Baby Boomers -- Marketing to the "Me" Generation
Unless you’ve been in a dimly lit cavern for the past several decades, you know that "Baby Boomers" is the collective name given to the 76 million people born in the United States between the end of World War II and 1964. Often described as the largest, most knowledgeable and most fiscally influential demographic group in American history, their motto could very well be: Where does a 750-pound gorilla sit? Anywhere it wants!
Getting to Know Them
Dubbed the "Me Generation" for their nonstop quest for self-gratification, many "Boomers" pride themselves on their counterculture values, for having led movements for social rights and environmental awareness. However, marketers should take note…
• The cultural rift opened by the Vietnam War between Boomers who answered the call and those who avoided military service, or thought service dishonorable, has never completely closed.
• Significant medical and scientific breakthroughs beginning in the 1940s have allowed Boomers to be the first Americans to take responsibility for being healthy, not just avoiding disease; to be fit, in shape, and to live longer...in effect, taking charge of their lives in ways earlier generations could never imagine.
• Boomers value simplicity and like being in control. They view maintaining fitness and good health as manifestations of their ability to affect everything going on around them. For many, for example, the most dreaded aspect of a serious illness is as much being unable to think clearly or exercise as much as they want, as it is losing the ability to earn income.
• Women may have first come into their own in this country as a result of World War II, but it was the demographic clout of fiercely independent Baby Boomer women, combined with their widespread entry into the workplace, that has lead to their increasingly controlling the purse strings of American households and businesses.
• Out of necessity or otherwise, many Boomers of both the popular genders will continue working well-past retirement age. In truth, if all the Boomers who begin turning 65 in 2011 retire on schedule, the effect on national productivity, not to mention the financial markets, will be enormous. As a result, policies that encourage Boomers to remain in the labor force will be a necessity, but you can bet Boomers will find a way to make it all seem trendy (just as they did when they invented the youth culture of the '60s).
• Through all this, the adult children of Baby Boomers will continue to be an important part of their parents' lives. Because Boomers had children later in life than previous generations, some of these children will still be in school and living at home even as their middle-age parents are gearing up second or third careers or just now realizing they may soon have their own parents to care for.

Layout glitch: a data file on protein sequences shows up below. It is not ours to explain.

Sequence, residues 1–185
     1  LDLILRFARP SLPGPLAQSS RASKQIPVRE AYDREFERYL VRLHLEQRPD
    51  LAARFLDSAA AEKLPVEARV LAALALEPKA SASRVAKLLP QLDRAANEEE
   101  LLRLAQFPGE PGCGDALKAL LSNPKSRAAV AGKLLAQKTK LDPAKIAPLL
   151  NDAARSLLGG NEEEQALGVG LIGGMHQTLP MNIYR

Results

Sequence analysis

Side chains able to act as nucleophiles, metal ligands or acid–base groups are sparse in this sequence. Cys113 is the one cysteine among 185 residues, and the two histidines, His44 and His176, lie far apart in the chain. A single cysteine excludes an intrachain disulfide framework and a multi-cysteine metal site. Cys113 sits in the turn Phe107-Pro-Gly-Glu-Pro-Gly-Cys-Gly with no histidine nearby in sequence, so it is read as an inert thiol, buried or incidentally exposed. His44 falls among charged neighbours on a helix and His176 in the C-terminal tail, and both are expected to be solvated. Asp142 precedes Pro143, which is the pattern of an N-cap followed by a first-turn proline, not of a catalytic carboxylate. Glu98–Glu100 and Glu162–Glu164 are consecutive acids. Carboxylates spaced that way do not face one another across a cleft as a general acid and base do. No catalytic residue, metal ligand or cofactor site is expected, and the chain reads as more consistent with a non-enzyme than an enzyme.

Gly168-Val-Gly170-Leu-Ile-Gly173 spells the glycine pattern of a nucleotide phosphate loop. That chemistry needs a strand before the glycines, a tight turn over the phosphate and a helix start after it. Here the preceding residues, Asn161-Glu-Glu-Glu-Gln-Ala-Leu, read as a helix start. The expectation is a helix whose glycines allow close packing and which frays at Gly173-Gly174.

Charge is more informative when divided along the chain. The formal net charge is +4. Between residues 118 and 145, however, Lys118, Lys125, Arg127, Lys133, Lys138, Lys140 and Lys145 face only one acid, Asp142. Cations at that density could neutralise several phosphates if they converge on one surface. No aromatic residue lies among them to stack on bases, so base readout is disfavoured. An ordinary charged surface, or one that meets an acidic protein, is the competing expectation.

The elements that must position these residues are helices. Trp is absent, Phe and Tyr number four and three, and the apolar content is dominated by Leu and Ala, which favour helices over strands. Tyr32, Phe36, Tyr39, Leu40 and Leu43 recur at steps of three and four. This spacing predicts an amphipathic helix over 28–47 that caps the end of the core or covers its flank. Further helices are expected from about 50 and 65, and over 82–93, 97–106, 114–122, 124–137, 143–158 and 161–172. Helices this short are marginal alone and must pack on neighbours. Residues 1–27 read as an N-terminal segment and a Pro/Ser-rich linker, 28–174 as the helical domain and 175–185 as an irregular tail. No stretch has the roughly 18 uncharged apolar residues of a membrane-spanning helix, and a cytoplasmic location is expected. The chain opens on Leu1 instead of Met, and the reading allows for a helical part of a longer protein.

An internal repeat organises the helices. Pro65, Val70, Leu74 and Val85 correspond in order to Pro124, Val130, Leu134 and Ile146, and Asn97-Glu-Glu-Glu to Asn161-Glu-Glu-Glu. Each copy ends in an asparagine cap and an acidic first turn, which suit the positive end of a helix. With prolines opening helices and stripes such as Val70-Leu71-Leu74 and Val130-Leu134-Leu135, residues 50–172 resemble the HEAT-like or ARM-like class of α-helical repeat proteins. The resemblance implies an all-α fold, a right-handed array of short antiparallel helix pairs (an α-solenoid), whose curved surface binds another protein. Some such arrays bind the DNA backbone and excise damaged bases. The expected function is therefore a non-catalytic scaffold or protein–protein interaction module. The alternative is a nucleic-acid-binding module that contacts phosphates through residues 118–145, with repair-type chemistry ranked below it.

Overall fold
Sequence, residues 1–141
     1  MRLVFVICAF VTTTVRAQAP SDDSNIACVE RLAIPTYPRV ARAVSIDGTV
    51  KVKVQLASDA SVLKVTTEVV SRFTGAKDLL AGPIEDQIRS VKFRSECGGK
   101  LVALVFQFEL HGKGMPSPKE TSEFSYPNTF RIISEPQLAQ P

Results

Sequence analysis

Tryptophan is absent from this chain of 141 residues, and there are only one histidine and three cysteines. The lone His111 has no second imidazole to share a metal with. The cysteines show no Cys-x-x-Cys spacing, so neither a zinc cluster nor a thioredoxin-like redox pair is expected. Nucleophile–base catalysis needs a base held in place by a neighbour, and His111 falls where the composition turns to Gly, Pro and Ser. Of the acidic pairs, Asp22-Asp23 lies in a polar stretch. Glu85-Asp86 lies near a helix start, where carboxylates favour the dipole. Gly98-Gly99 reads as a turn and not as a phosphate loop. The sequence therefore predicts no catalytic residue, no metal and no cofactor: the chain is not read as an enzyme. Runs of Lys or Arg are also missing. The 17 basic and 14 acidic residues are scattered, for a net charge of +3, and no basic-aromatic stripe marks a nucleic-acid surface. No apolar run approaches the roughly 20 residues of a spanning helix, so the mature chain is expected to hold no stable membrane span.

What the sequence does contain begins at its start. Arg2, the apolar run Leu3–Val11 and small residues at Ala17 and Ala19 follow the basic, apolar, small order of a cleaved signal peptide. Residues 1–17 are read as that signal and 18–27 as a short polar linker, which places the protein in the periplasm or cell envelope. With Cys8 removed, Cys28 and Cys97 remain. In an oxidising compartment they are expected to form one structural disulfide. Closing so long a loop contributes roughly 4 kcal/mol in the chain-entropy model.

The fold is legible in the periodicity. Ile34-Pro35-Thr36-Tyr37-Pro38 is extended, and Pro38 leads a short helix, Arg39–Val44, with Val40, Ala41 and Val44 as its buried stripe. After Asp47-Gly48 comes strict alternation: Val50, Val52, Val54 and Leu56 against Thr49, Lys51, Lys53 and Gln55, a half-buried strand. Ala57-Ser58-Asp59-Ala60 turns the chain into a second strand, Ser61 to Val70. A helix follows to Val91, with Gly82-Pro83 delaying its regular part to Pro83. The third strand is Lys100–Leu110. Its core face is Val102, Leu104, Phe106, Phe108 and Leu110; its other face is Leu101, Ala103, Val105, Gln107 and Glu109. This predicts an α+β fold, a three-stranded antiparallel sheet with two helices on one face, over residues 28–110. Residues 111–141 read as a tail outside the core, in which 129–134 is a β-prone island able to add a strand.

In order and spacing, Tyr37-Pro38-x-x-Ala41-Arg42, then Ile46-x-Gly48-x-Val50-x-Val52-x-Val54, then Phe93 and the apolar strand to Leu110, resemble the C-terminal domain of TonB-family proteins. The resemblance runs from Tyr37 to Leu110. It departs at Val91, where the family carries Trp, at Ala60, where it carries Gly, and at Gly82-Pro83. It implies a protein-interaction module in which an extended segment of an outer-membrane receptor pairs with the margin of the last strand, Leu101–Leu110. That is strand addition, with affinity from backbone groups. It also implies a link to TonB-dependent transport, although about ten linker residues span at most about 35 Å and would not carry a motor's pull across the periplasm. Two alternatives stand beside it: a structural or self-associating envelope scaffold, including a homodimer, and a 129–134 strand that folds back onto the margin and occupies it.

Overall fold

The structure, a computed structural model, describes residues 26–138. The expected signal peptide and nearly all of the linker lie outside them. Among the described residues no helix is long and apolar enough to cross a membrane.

What This Means to You?
As a result of these and other factors, Baby Boomers' financial obligations will also be long-lived, and so, even now, staying on top of their long-term financial security is (or should be) a very high priority. Because of their economic clout, Boomers will always be an attractive marketplace.
Marketers have focused their efforts on Boomers for decades. "One of the surest ways to make sure a product prospers is to wait until Baby Boomers enter that stage of their lives," said Brad Edmondson, senior writer for American Demographics magazine.
Younger Boomers are still in their prime home buying and family-starting years. Yet according to LIMRA, this is a generation where life insurance has not been on their radar screens. Similarly, until recently most Boomers also were well behind the retirement planning curve.
Let's see why…
The children of the '60s married and had children later in life--but many of these marriages didn't take, and second families and weekend visitation privileges became unhappy institutions for this generation. Add the effects of corporate mergers and downsizing, the need to support elderly parents, and the Boomers' mistaken belief that they could keep spending while meeting other financial goals...it's little wonder so many found themselves with credit problems and got a late start on retirement savings.
According to a report published by the Investment Company Institute: "Baby Boomers have done less financial planning for their future than did the previous generation. Studies show that despite a large number of two-income households and a higher per-capita income, they have a lower savings rate than their parents.
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ABOUT THE AUTHOR
Bill Willard has been writing high-impact marketing and sales training for over 30 years—but as Will Rogers put it: "Even if you're on the right track, you'll get run over if you just sit there.” Through interactive, Web-based "Do-While-Learning™" programs, e-Newsletters and straight-talking articles.